However, it turned out that my partner suffered a presyncope attack with brief loss of vision in the next day and had a severe headache for the next few hours. The emergency ophthalmologist I had urged her to see diagnosed an eye migraine. Two days later, I coerced her to go to the hospital emergency department again. Here, after several hours of waiting and an unremarkable CT scan, she was sent home again with medication for migraines. However, two hours after she returned home, her phone rang and she was asked to come back to the hospital. only by chance, a neuroradiology specialist had seen her images and was of the opinion that certain things could not be ruled out. So she went back, they did an MRI and wanted to send her home on the basis of the provisional report. However, the definitive report arrived at the last minute. Diagnosis: sinus vein thrombosis and three small strokes.

I think this event had a strong influence on the fact that I began to doubt my radiological findings. As a result, I started to think (perhaps a little too intensively) about what could be the cause of my complaints.

That’s when I came across Eagles syndrome and CSF leak, somehow both would have fitted apart from the respective leading symptoms (the headaches only have a diffuse orthostatic component, I only have a slight stinging sensation in my throat), but since there are cases of both where these symptoms are absent, I still wanted to have both checked out.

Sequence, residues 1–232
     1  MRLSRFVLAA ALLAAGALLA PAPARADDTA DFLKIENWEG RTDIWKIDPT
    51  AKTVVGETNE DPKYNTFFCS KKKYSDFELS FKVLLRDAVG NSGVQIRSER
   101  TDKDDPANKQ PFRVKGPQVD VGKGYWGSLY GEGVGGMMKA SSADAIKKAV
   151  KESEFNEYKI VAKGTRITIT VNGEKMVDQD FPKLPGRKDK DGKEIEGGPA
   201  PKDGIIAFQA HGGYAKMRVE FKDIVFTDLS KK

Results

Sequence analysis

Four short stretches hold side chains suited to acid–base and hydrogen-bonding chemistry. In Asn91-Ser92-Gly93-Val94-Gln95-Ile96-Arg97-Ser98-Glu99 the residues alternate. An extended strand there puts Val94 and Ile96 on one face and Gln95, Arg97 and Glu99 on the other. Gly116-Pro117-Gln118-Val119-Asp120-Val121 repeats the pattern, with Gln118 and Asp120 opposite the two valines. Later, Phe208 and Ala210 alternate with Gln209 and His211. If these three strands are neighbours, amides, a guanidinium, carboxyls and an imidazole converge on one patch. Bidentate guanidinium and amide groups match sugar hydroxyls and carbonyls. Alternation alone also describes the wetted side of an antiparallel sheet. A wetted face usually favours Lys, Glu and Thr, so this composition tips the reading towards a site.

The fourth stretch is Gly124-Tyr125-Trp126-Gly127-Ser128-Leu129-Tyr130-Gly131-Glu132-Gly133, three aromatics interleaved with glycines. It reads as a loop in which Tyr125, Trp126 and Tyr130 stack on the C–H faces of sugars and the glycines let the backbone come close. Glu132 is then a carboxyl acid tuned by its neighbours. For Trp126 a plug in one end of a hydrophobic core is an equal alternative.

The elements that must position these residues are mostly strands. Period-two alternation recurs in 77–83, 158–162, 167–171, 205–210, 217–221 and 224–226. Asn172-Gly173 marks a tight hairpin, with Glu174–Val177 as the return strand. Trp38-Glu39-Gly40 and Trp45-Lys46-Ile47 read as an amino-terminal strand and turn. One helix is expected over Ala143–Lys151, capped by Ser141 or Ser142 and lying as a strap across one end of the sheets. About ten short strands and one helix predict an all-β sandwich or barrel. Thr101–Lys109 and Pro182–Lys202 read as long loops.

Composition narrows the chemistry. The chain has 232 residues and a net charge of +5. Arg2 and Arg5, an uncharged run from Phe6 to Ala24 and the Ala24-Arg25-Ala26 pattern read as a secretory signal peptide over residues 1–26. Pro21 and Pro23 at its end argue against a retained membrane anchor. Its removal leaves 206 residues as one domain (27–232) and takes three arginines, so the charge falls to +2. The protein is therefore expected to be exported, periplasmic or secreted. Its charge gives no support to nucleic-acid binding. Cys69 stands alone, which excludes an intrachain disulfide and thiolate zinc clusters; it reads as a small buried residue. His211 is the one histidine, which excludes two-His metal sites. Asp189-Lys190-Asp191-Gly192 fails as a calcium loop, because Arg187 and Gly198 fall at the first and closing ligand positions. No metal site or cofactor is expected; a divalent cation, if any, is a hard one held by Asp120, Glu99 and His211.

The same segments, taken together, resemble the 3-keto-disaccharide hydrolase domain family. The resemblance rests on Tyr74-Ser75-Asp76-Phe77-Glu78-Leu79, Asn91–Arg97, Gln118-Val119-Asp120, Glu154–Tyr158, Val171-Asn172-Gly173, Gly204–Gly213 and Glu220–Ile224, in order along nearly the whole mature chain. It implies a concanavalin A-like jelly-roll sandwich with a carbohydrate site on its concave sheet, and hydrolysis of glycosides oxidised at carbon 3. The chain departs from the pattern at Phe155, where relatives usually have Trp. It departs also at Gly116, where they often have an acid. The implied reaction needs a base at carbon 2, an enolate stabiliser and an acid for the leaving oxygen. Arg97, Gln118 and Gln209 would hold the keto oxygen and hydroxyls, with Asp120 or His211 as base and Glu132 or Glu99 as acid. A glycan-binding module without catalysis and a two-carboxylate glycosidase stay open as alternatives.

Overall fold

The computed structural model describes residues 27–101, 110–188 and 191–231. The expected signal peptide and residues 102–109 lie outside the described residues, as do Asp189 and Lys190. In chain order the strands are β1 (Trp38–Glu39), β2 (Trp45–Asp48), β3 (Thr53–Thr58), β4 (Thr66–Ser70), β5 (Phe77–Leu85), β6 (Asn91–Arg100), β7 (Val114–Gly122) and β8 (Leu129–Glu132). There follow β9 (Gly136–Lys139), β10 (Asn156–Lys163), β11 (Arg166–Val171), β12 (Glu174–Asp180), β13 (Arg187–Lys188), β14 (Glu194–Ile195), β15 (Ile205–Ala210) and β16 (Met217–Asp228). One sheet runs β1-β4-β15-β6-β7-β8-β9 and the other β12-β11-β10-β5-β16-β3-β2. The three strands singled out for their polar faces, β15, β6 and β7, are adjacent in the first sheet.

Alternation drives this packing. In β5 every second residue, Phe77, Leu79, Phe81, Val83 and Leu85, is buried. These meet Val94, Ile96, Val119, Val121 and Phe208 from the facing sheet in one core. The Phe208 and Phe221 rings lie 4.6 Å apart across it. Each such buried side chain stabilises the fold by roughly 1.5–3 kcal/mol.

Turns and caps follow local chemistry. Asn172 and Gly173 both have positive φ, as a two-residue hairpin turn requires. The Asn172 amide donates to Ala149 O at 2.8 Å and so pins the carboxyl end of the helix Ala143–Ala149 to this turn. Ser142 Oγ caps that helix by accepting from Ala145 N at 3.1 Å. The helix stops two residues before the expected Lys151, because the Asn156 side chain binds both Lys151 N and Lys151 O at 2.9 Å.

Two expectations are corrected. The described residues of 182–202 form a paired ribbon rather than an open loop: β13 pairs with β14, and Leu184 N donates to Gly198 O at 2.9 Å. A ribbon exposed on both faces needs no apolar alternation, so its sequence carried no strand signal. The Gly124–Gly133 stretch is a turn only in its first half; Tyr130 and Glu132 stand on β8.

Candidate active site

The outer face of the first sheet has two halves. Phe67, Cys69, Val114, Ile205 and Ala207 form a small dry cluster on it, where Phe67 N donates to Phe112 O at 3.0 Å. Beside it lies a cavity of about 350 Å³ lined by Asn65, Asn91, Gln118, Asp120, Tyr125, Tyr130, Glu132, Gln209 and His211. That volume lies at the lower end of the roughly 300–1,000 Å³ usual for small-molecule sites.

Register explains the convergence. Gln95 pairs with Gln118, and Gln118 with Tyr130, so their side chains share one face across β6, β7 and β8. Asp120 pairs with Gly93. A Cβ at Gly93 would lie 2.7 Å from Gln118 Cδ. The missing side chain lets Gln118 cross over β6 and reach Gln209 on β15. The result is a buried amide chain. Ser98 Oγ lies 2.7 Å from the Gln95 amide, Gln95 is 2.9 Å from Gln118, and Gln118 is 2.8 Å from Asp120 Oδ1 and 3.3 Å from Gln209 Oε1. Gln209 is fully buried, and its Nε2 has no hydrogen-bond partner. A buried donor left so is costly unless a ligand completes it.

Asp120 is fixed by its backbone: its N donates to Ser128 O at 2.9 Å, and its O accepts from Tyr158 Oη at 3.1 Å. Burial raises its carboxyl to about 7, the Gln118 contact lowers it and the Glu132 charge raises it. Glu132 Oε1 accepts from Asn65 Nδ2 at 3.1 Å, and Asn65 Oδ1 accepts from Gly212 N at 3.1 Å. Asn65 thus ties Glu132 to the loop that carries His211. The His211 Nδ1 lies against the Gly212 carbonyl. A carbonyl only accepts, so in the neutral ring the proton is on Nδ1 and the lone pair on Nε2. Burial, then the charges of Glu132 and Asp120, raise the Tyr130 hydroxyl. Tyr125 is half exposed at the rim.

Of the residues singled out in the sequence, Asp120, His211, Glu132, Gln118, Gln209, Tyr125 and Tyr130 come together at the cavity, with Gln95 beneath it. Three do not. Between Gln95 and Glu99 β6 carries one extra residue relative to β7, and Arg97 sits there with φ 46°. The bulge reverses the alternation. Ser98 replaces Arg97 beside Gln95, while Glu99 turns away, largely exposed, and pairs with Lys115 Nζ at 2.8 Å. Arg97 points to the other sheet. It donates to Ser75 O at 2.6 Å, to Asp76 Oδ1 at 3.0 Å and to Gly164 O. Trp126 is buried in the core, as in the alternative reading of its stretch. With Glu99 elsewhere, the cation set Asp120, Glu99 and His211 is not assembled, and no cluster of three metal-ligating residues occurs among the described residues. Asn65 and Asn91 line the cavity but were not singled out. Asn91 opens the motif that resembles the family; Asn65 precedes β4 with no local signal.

Regarding the CSF leak, this MRI was performed. I did not receive a report on this and when I asked here about the prominent mastoid emissary vein and whether there were any signs of an elongated styloid. They said that they only looked explicitly for signs of a CSF leak.

Shortly afterwards, a CT scan was performed. Question: Eagles syndrome?
The findings were initially unremarkable, but I then sent the radiology specialist an e-mail with pictures of the calcified parts of the ligament and said that I would be interested to know why these “structures” were not mentioned. Answer: These structures are calcifications of the ligament and usually do not cause any complaints, and if they do, then mainly when they are fused with the styloid. He therefore did not mention them, but would be happy to add them as additional findings.

I had actually hoped either not to see anything at all and to rule this out completely or to see a clearly elongated styloid and then to see whether this could be responsible for the symptoms.

However, this CT raised more questions than it answered.

Can such a mildly calcified ligament cause symptoms?

Even though every report from this specialist radiologist contains the last statement “normal venous blood vessels”, I would say that my internal jugular vein is narrowed or completely occluded. Or am I completely wrong?
If it is really narrowed, the calcification would be exactly where the narrowing of the vein is. I also made a 3D model of it (yes, the quality is pretty bad) and it looks to me as if the ligament is pinching off the vein. However, I don’t know if that makes any sense.